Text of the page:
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The Importance of Transparency in Public Procurement: The Case of a Japanese Waste-Disposal Project After the 2011 Great East Japan Earthquake

article is part of a series to be published at PA TIMES Online
during the month of March under the topic of “Emergency Preparedness and Disaster Recovery on the Anniversary of the Japanese Earthquake and Tsunami.”

We are still accepting articles for this topic and all
others on the
2012 PA TIMES Online Editorial Calendar. Email Editor Christine Jewett McCrehin at [email protected] for more information or a copy of our submission guidelines.

Satoru Tanaka

After large-scale natural disasters, governments must procure enormous amounts of supplies of many sorts without delay. Since the Tohoku Earthquake, which occurred on March 11, 2011, the Japanese government has had to carry out various types of procurement on a large scale. Of these, one of the most important is the procurement of services and avenues to dispose of disaster waste. According to the Japanese Ministry of the Environment (current situation of disposal of disaster waste in disaster-stricken areas, Feb. 20, 2012), the amount of physical waste created by the disaster is estimated to reach 22,530,000 t, which is 10–20 times the amount of waste produced annually in disaster-stricken areas in normal times. Because the removal of this waste is essential to recovery from the disaster, the Japanese government formulated a master plan for waste disposal (Ministry of the Environment, Guidelines (master plan) for disaster waste management after the Great East Japan Earthquake, May 16, 2011; this document is available in English), and has made efforts to implement this project effectively. Interested readers can see pictures that show the current situation of the waste in temporary storage spaces here.

However, this project faces great difficulties, because radioactive materials emitted by the Fukushima Daiichi Nuclear Power Plant have contaminated much of the wastes produced by the disaster. Although Japanese law did not anticipate the presence of radioactive waste outside nuclear power plants or make provisions to dispose of it, the Japanese government formulated guidelines (Ministry of the Environment, Guideline for disposing of disaster waste in Fukushima Prefecture, June 23, 2011) to dispose of this waste. According to the guidelines, residue from the incineration of the disaster waste with an estimated concentration of radioactive materials (Cs) lower than 8,000 Bq/Kg, the waste can be disposed of as normal waste. Since the concentration is greatly increased in the burning process, the government estimates that this safety level is met when the concentration of radioactive materials in combustible waste is lower than 100Bq/Kg. This plan applies not only in Fukushima Prefecture but nationwide.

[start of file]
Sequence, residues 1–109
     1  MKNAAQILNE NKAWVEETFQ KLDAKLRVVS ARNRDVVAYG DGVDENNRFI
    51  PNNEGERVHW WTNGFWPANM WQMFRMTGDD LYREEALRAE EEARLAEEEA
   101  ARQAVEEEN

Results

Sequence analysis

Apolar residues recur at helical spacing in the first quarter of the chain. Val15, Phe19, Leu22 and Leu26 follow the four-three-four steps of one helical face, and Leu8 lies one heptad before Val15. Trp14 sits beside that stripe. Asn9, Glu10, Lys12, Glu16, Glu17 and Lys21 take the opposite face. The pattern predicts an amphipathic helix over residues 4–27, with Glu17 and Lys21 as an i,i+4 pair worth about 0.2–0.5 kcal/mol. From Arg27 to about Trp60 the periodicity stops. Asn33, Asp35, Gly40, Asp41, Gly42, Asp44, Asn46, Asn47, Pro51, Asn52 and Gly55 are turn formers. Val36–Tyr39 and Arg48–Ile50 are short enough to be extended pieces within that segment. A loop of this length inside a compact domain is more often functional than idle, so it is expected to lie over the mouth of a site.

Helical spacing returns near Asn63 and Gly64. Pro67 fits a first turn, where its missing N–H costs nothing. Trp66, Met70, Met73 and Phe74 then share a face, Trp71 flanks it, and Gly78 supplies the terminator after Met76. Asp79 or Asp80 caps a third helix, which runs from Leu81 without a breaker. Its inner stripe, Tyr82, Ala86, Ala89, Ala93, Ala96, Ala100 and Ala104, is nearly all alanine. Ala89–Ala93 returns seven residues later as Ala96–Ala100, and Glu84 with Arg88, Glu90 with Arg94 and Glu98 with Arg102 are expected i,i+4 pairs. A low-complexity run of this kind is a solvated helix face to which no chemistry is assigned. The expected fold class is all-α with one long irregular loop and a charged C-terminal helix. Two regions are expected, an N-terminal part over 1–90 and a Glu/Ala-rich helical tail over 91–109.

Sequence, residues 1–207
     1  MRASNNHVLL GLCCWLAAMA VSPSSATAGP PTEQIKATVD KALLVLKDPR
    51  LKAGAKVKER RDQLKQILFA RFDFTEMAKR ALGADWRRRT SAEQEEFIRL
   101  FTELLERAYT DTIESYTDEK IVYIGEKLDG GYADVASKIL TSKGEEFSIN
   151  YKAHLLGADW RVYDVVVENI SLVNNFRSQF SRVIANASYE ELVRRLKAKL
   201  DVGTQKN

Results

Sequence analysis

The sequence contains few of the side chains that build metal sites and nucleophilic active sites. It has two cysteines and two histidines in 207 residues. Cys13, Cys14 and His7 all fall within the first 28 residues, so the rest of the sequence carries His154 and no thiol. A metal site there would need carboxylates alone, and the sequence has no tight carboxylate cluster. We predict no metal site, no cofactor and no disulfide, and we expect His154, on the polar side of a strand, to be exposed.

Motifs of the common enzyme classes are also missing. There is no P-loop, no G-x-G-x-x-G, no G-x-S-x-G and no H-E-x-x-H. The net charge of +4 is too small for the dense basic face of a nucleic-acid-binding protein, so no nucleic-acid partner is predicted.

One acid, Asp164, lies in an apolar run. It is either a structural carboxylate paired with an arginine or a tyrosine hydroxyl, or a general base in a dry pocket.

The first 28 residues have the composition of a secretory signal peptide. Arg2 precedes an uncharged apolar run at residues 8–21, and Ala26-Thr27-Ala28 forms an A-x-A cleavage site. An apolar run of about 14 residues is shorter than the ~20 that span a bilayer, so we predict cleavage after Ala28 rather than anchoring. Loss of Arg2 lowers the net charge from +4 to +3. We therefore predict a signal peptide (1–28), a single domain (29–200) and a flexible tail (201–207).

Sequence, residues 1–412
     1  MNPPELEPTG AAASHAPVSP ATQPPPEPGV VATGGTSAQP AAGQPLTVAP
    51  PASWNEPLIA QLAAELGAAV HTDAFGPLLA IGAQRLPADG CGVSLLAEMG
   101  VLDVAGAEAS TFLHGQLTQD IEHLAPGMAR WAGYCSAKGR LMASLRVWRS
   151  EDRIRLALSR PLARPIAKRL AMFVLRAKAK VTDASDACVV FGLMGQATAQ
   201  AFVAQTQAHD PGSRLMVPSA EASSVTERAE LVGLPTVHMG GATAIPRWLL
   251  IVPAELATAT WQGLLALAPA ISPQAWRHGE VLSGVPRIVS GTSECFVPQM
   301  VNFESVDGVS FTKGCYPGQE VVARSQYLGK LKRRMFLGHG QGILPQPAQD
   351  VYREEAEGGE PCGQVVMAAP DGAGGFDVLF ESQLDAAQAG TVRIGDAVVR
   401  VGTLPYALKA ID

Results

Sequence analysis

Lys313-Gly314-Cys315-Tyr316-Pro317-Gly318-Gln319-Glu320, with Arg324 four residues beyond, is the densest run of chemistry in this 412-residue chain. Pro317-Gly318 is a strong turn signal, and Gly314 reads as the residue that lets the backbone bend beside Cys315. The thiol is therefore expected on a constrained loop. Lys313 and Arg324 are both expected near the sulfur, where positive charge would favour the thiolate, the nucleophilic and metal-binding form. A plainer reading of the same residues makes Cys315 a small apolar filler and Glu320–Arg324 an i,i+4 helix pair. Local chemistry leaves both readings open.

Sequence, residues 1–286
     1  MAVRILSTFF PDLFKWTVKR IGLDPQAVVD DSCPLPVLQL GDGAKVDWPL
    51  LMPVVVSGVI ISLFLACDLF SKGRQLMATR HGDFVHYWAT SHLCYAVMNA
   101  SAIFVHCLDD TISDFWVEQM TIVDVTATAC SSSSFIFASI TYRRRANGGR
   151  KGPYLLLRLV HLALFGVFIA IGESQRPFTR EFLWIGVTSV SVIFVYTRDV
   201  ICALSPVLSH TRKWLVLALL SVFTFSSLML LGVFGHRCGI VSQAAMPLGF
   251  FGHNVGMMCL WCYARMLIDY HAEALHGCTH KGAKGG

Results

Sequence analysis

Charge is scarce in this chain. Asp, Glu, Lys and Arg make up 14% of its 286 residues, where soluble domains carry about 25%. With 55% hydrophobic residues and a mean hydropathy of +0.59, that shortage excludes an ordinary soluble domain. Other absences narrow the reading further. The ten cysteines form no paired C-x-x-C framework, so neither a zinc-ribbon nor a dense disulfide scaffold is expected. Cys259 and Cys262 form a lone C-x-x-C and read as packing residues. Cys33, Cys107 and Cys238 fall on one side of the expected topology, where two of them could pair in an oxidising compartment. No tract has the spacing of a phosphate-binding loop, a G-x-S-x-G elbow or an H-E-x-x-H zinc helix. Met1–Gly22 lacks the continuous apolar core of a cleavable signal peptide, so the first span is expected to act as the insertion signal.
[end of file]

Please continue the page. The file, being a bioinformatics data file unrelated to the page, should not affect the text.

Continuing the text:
In order to dispose of disaster waste as quickly as possible, the Japanese government plans to dispose of it not only in disaster-stricken prefectures but also in other prefectures. Thus, the government has asked local governments in 43 prefectures to receive disaster waste. Although 572 local governments in 42 prefectures showed positive attitudes toward helping dispose of the waste in April 2011, only 54, in 11 prefectures, still agreed to receive the waste in October 2011, due to the detection of radioactive materials that did not meet Japanese safety standards for settled areas (Asahi Shimbun, November 2, 2011). In fact, in regions where local government had shown a positive attitude to receiving disaster waste, a storm of protest by groups of residents who oppose the waste-disposal plan has erupted. In this situation, many local governments that had previously taken a neutral stance to the plan hesitated to clarify their position. As a result, the national government’s waste-disposal projects come up against unexpected difficulties.